Output controller 514 controls a plurality of devices, as shown in FIG. 14 c. These devices are indicated by features 542 to 554. Features 542 to 550 are pneumatically powered by the use of a cylinder and valve and are thus grouped together in a dashed rectangle. Rear clamp control 542 controls the clamp utilized by feeder control 104 to clamp material 12. Front clamp control 544 controls forward feeder clamp 162. Heater control 546 comprises a set of two controls, the first raises heating unit 114, the second lowers it. Nicker control 548 comprises a set of three controls, which raise, lower or close nicker 116. Cleaner control 550 comprises a set of two controllers. The first controller operates a pump to send a cleaning solution through spray nozzles 244 of material cleaner 108 (see FIG. 7). The second controller operates a skimmer to remove oil from the surface of the used cleaning solution so that the cleaning solution may be reused. Printer control 552 directs the printing of printing unit 164. Beacon control 554 controls beacon light 128 to indicate the operating status of the bending machine.
Referring now to FIGS. 15 a and 15 b a flowchart of the bending process is shown generally as 600. Beginning at step 602 required information regarding the die to be constructed is downloaded from control PC 520 to PLC 502. Required information includes the number of dies to be made, the bending and heating characteristics of the material, segment distance between bends, the bend points, the degree of each bend, and the nicking points. At step 604 material 12 is loaded manually by the operator from material coil 154 until material 12 encounters material feeder 104. Next at step 606 material 12 is cleaned by material cleaner 108. At step 608 a test is made to determine if material 12 is available at the entrance to material straightener 110. If not, material coil 154 is empty and processing moves to step 610 where a new coil of material is loaded. From step 610 processing then returns to step 604. If the test result at step 608 is positive, processing moves to step 612 where material 12 is straightened. Next a test is made at step 614 to determine if material 12 is at material feeder 104. If the test result is negative, processing moves to step 616, where a test is made to determine if material feeder 104 is in a home position. If this test result is positive, processing moves to step 610 then to step 604. If at step 616 the test result is negative, processing moves to step 618 where the material feeder 104 is returned to a home position. Processing after step 618 then returns to the test at step 614. If at step 614 the test result is positive, material feeder 104 is instructed at step 620 to clamp material 12. Processing then moves to step 622 where a test is made to determine if material 12 is at bending tool 106. If the result of this test is negative, processing moves to step 624 where material 12 is advanced by material feeder 104. A test is then made at step 626 to determine if the material feeder 104 has reached a maximum position, if it has, processing moves to step 628 where the material feeder clamp is opened and processing continues to step 616. If at step 616 it is found that the material feeder is not in the maximum position, processing returns to step 622. After step 622 a test is made at step 630 to determine if the material feeder 104 is in a position to provide enough material 12 for the next bend or nick. If the result of this test is negative, processing moves to step 628 where the material feeder clamp is opened, and processing then moves on to step 616 as discussed earlier. If the result of the test at step 630 is positive, control moves to step 634 of FIG. 15 b as shown by connector 632.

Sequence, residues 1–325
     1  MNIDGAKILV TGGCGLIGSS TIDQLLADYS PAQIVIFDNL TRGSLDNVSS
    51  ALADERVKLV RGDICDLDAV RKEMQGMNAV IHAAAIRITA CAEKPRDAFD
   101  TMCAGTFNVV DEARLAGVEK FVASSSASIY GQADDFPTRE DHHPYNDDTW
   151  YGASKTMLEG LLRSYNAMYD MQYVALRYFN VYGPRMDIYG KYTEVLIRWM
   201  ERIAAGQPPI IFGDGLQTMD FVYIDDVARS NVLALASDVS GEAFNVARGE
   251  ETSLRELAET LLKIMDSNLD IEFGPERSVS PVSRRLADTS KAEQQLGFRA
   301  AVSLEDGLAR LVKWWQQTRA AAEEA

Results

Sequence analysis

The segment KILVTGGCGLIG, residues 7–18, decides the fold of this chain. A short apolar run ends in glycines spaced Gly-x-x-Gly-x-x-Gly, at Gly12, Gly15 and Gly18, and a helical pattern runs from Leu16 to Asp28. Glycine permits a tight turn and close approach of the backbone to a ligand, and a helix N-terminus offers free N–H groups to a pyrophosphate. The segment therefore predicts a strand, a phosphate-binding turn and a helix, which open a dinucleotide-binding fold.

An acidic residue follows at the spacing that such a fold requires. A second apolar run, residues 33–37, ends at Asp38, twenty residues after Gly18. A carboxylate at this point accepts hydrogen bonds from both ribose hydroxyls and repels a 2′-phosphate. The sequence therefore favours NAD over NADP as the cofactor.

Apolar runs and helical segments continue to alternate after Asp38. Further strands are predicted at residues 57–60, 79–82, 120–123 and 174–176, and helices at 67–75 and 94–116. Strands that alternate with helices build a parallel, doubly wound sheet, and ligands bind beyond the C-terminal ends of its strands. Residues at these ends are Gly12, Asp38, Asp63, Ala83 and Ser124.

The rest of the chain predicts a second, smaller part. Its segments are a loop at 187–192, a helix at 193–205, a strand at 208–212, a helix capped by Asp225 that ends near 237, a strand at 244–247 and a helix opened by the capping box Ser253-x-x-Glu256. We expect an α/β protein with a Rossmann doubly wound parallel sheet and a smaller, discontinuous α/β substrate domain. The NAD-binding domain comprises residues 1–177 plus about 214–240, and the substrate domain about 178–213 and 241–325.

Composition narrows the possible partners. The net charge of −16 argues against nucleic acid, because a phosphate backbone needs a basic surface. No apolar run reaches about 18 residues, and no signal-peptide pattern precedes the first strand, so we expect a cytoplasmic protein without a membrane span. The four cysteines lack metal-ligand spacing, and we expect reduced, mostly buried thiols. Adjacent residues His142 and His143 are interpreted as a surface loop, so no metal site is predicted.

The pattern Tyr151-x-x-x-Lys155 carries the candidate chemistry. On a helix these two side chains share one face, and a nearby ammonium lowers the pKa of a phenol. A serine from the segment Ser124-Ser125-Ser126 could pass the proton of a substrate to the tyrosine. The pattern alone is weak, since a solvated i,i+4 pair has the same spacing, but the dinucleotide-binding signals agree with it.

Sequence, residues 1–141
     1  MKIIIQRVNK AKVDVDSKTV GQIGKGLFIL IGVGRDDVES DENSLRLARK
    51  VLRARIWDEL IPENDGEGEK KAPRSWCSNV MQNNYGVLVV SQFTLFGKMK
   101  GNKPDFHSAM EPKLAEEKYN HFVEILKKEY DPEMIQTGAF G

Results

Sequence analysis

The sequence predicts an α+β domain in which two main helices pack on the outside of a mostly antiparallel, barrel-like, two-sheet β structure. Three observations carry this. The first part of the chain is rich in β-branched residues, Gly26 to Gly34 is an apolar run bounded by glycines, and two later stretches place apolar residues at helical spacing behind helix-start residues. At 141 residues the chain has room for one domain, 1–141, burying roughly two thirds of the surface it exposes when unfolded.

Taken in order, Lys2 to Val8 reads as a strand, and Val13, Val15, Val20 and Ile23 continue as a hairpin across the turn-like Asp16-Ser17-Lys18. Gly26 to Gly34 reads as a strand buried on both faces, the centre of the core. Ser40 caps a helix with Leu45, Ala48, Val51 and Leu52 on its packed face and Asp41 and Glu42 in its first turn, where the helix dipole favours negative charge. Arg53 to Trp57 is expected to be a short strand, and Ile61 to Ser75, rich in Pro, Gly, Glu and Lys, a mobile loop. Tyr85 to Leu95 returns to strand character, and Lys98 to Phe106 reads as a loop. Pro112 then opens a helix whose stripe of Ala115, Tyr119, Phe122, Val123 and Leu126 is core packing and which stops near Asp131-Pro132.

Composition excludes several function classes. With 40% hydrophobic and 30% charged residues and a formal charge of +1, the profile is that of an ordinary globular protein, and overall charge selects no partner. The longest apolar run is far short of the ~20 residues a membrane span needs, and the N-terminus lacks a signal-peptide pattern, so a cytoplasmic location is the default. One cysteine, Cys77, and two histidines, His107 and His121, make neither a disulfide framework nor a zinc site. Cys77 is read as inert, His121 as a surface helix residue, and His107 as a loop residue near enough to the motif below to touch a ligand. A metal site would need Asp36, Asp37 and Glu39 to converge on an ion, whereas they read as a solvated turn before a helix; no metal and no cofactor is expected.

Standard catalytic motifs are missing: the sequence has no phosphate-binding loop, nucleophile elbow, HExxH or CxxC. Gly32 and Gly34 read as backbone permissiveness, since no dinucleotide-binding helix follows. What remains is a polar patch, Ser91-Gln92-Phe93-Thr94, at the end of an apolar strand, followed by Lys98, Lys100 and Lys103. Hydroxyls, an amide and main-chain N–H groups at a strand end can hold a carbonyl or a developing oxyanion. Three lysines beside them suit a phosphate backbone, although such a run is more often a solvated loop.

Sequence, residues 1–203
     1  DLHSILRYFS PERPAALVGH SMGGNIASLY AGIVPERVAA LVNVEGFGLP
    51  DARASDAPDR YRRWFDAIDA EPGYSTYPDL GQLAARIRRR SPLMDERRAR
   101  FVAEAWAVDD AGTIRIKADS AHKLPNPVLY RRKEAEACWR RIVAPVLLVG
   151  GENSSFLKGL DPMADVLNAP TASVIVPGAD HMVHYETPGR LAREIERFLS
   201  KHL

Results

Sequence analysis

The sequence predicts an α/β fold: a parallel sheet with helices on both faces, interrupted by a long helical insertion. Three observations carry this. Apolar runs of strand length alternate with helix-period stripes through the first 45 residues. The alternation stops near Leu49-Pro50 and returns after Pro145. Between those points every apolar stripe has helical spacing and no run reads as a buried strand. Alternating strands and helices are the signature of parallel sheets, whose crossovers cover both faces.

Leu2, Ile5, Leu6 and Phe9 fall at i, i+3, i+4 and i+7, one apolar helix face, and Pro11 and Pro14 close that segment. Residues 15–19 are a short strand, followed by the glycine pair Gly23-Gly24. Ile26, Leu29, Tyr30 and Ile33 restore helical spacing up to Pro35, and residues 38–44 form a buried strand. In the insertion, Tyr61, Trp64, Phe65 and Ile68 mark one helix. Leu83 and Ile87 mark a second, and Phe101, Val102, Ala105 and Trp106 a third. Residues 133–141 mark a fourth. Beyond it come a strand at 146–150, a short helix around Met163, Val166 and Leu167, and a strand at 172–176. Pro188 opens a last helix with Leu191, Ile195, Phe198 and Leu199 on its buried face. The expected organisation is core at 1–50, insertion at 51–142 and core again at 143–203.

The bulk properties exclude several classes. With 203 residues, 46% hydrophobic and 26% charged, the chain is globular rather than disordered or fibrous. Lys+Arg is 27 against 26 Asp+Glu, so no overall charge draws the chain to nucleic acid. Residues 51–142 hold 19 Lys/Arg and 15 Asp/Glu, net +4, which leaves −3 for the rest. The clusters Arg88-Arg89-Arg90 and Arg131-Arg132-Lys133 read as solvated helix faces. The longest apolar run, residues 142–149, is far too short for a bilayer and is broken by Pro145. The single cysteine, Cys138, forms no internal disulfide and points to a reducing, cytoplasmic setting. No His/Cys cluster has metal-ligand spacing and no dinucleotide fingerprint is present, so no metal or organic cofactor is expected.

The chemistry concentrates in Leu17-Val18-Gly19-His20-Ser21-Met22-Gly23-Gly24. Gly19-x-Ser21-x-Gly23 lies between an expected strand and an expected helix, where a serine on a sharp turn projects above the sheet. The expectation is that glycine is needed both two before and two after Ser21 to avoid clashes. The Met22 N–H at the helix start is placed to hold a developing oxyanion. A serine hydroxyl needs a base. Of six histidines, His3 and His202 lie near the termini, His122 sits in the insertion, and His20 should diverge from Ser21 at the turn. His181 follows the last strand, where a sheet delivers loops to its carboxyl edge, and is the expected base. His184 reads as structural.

At step 634 of FIG. 15 b, material 12 is printed with print information. At step 636, material 12 is advanced by the next segment length. A segment length is the amount of material before the next nick or bend. If the last operation was a nick, the amount of material ahead of the bending tool 106 is taken into account in determining how much material should be advanced. If a nick has just be created it is also possible that the material may be retracted from the nicking head should the next bend or nick be relatively close to the nick just created. Processing then moves to step 638 where a test is made to determine if the cutting die has been completed, if it has, processing moves to step 640 where material 12 is broken off at bending tool 106 to complete the die. A test is then made at step 642 to determine if this is the last die of the cutting die pattern. If so, processing ends at step 644.
Returning now to step 638. If at step 638 it is determined that the die is not complete, processing moves to step 648 where a test is made to determine if a nick is required. If a nick is required, processing moves to step 650 where material 12 is advanced to nicking tool 116. Processing next moves to step 652 where material 12 is heated by heating unit 114 prior to nicking. At step 654 material 12 is nicked by nicking tool 116 and then processing moves to step 630 of FIG. 15 a via transfer 646. Returning to step 648 if a nick is not required processing moves to step 656 where a test is made to determine if material 12 must be heated prior to bending. If no heating is required, processing moves to step 664, where material 12 is bent by bending tool 106. If heating is required, processing moves to step 658 where material 12 is advanced to heating unit 114. At step 660 material 12 is heated and at step 662 the now heated material 12 is retracted to bending tool 106. At step 664, heated material 12 is bent, by bending tool 106.
Although the invention has been described with reference to certain specific embodiments, various modifications thereof will be apparent to those skilled in the art without departing from the spirit and scope of the invention as outlined in the claims appended hereto.